Now we come to accuracy. There are some trade-offs to be made here. If we show the phone number in a large clickable header, we will measure some clicks – but we’ll also be obvlious to other interactions. Many users will read the number from their screen and type it into their phone. That means you are accidentally segmenting your metric to “users on a device with click-to-call capability, who realise the link is clickable, and prefer to click to dial”. It is possible that this segment of users is indicative of all users. You might not be any more or less likely to call based on being outside of this segment. However, it is highly likely that there is a big difference to be found here. Let’s look at two versions on a case study…
Gubbintech implement tracking on telephone link clicks on their website. They find that 3% of their visitors call the sales team as part of their visit. They make a few changes to the styling of the phone number and manage to get that number up to 4%.
Gubbintech implement tracking using a special telephone numbers on their website that isn’t used in directory listings or for print marketing. They use one number to display on mobile devices and another on desktop devices. They find that 3% of their visitors call the sales team as part of their visit, but almost all of them are using the mobile device telephone number. They check their website on some different devices and find that the telephone number appears in the header of the website on mobile devices, but is in the footer contact section of their desktop site. They change the desktop site to make the telephone number more prominent and increase calls to 6%. They go on to change the styling of the phone numbers and get that number up to 8%.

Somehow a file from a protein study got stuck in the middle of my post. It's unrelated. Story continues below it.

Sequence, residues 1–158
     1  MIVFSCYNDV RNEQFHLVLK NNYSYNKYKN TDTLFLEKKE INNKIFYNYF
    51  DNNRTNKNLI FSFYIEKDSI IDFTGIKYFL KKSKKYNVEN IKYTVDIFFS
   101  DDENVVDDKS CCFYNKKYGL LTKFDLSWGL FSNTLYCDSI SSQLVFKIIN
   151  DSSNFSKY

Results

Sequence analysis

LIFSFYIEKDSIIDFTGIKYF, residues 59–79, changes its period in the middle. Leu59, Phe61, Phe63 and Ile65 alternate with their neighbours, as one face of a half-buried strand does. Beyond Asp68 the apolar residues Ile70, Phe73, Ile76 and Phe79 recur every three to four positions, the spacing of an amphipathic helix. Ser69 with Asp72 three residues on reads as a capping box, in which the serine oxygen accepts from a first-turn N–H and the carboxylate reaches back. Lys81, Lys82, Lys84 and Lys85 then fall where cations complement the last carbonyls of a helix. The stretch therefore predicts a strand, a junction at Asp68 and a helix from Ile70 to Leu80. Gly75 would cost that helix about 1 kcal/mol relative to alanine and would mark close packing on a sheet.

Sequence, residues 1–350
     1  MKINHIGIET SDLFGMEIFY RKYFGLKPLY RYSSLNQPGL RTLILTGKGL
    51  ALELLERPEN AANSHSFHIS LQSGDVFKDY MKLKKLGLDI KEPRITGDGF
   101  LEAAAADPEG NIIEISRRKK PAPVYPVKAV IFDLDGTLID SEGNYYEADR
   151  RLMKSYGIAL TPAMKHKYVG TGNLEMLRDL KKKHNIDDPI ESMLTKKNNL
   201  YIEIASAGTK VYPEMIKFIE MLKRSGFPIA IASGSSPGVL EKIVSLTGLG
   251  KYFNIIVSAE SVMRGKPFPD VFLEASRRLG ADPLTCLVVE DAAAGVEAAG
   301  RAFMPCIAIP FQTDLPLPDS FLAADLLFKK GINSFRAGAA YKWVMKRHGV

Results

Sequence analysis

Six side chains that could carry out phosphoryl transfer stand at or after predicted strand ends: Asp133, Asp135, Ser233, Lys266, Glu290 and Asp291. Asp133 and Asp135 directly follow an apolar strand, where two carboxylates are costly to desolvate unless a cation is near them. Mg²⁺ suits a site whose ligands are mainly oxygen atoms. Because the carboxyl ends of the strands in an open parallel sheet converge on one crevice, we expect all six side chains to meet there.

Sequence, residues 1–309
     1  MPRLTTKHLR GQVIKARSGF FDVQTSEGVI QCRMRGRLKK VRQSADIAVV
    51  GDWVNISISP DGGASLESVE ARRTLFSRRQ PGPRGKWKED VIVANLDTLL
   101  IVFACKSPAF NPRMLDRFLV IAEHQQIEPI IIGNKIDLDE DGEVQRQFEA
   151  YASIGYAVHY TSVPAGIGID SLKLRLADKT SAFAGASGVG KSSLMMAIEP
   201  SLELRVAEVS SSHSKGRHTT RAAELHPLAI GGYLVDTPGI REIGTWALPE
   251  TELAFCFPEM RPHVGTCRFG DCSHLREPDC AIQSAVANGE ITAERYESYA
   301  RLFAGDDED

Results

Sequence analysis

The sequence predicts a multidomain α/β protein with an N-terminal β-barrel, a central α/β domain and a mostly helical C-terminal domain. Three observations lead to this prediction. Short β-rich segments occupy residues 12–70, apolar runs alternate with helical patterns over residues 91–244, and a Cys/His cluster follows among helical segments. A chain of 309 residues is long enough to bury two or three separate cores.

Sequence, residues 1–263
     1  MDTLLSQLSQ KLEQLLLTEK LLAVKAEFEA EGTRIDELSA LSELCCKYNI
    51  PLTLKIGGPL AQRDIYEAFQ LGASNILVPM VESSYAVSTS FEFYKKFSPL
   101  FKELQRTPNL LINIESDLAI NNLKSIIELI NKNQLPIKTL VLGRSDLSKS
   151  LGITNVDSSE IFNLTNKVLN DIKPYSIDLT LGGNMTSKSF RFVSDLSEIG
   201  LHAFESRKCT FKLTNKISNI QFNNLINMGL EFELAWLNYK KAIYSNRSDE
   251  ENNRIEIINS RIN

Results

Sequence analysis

This is all down to accuracy. Displaying the standard phone number as a clickable link will get you a low-accuracy indication that people are using a feature. You could risk hiding the number behind a clickable “Call us Now” call-to-action and get a higher level of accurracy (trading a bit of the user experience for that accuracy). Or you can implement a more costly bit of tracking with special trackable phone numbers (though anyone commiting the number to their contact list may be surprised in the furture). What’s the correct answer? There isn’t one, each one involves some trade-off.